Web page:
Jensen, Arthur

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Jensen, Arthur 1923–

Arthur R. Jensen was born on August 24, 1923, in San Diego, California. He joined the faculty of the University of California, Berkeley, in 1958 and became the center of a major controversy in 1969 when his article “How Much Can We Boost IQ and Academic Achievement?” was published in the Harvard Educational Review.

Jensen argued that Americans socially classified as black and white had, on average, different genetic potentials for intelligence, which he identified with IQ. He concluded that if black and white Americans enjoyed environments of equal quality, blacks would reduce their 15-point IQ deficit (compared to whites) to only about 10 points. In his later works he introduced the concept of “g,” sometimes called the “general intelligence factor,” which measures the tendency of some people to do better (or worse) than others on a whole range of mental tasks. This tendency becomes more marked as the cognitive complexity of the task increases and Jensen notes that blacks tend to fall farther below whites when the “g-loading,” or cognitive complexity, of an IQ test increases.

At Berkeley, the immediate reaction to Jensen’s views was several weeks of violent demonstrations, and protests continued to flare periodically throughout the 1970s. He defended himself against charges of racism with four arguments:

  1. Setting race aside, “black” and “white” are socially significant groups in America. Blacks are identified for purposes of affirmative action (different standards of entry to universities) and public debate. For example, the principal of a school may be criticized if the children of black professionals do worse than most white students.
  2. There can be average genetic differences between socially constructed groups. For example, if people with higher intelligence become professionals and less intelligent people become unskilled workers, and if like tends to marry like, then a genetic difference for intelligence will emerge among social classes. This theme was later developed by Charles Murray and Richard Herrnstein in The Bell Curve (1994).
  3. The truth can never be racist, and whether two groups differ for genetic potential is a scientific question to be settled by evidence. Knowing the truth is important. If black and white children, on average, do have different genetic potentials for academic achievement, it may be unjust to criticize a school principal when an achievement gap exists.
  4. An average difference between groups does not justify discrimination against individuals because of their group membership. Jensen stresses that, even if his hypothesis is correct, under conditions of environmental equality the upper 25 percent of blacks would overlap with the upper 50 percent of whites for intelligence. Indeed, the brightest individual in America might be black.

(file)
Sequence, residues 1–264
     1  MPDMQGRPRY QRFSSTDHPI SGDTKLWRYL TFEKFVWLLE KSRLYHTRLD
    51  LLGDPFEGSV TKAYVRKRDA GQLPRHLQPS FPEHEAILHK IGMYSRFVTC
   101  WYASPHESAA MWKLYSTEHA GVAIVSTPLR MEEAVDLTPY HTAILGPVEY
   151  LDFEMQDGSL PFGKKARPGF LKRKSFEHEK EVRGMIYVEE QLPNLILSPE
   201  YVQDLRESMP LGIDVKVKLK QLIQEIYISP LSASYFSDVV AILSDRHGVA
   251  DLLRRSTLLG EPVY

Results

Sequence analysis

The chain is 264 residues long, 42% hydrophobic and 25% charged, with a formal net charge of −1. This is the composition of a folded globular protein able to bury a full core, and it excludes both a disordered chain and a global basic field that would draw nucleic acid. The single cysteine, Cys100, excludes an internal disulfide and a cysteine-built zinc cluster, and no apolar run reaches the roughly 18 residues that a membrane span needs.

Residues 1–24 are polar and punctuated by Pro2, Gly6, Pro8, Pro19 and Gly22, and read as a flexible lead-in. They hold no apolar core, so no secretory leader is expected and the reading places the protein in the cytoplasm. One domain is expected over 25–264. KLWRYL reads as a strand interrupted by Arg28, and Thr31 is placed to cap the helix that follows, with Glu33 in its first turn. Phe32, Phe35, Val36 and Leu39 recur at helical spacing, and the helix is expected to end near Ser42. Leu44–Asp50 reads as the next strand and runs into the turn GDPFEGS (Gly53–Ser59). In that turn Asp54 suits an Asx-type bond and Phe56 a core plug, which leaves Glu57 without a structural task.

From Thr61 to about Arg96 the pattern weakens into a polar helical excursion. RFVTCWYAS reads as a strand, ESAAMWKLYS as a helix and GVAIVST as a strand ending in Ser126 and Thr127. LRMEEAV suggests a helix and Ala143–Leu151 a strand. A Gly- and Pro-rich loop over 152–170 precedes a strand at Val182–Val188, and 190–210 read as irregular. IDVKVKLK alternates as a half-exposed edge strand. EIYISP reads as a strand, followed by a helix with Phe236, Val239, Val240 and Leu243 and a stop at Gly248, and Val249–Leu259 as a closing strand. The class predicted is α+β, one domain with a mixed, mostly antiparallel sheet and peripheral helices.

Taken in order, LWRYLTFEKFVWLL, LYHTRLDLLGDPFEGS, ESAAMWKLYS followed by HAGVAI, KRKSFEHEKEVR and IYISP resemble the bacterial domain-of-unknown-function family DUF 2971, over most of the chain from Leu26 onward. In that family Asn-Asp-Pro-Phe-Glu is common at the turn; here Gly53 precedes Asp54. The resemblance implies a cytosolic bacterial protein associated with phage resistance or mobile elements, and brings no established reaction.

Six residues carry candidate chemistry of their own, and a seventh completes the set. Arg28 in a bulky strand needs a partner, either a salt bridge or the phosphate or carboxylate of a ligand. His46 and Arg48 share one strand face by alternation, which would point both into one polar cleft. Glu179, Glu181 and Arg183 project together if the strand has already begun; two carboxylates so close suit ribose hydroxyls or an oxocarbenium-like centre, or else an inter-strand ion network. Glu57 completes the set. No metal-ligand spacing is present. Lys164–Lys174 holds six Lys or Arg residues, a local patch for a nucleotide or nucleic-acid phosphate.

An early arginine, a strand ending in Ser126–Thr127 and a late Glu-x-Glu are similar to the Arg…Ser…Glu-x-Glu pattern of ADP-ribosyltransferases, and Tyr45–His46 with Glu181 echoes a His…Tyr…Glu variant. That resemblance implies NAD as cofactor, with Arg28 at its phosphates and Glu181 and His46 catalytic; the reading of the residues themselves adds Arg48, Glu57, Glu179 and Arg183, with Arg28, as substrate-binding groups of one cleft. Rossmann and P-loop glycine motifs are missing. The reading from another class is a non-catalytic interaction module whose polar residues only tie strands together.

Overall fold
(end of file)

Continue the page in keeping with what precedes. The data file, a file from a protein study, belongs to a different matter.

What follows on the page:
The emotion that has surrounded Jensen’s hypothesis has largely overshadowed the evidence both for and against it. For example, after World War II, the children of black American soldiers and German women matched the IQs of children fathered by white soldiers and German women, irrespective of the g-loading of IQ tests. This fact is by no means decisive of the debate, but it illustrates that the debate can be carried on in terms of evidence rather than epithet. Jensen’s assessment of the evidence from postwar Germany appears in The g Factor (1998).

Emotion has also obscured the fact that had the IQ debate not occurred, certain advances in psychology might also not have occurred. For example, Jensen (1972) noted that identical twins have IQs far more alike than randomly selected individuals, which seems to show that genes are dominant and environment weak in determining intelligence. He calculated that the impotence of environment was such that the magnitude of the black-white IQ gap was too large to be purely environmental.

William Dickens and James Flynn responded to Jensen’s theories to this point with a model suggesting that people who are alike genetically tend to have environments that are atypically similar. Two individuals born with the physical traits of being fast and tall are both likely to be selected for basketball teams and get professional coaching. Similarly two individuals born with more mental ability than average are likely to have the benefits of greater teacher attention, honors classes, and attending good universities. In other words, even when identical twins are separated at birth, they will have more than genes in common: they will have life histories that show the same powerful environmental factors at work. They both will have enjoyed professional coaching, or both will have enjoyed highly superior educational experiences. The model’s mathematics demonstrated that large group differences in either basketball skills or IQ-test performance could be primarily environmental in origin. If correct, this would illuminate areas as diverse as special education and how to remain mentally acute in old age. The Jensen debate shows that racism and the scientific examination of group differences are two different things, and also that banning scientific debate always inhibits the pursuit of truth.

SEE ALSO Heritability; IQ and Testing.


Dickens, William T., and James R. Flynn. 2001. “Great Leap Forward.” New Scientist 170 (2287): 44–47.

Flynn, James R. 1980. Race, IQ, and Jensen. London: Routledge.

_____. 1999. “Searching for Justice: The Discovery of IQ Gains over Time.” American Psychologist 54 (1): 5–20.

Herrnstein, Richard J., and Charles Murray. 1994. The Bell Curve: Intelligence and Class Structure in American Life. New York: The Free Press.

Jensen, Arthur R. 1972. Genetics and Education. London: Methuen.

_____. 1998. The g Factor: The Science of Mental Ability. Westport, CT: Praeger.

James R. Flynn